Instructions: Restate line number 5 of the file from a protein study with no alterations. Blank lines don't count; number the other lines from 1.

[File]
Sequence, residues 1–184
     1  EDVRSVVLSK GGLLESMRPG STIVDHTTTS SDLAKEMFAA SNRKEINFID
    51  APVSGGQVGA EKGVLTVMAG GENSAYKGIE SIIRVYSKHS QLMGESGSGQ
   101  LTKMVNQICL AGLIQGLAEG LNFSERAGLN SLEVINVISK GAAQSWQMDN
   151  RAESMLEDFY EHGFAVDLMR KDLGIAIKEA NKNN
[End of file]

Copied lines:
   151  RAESMLEDFY EHGFAVDLMR KDLGIAIKEA NKNN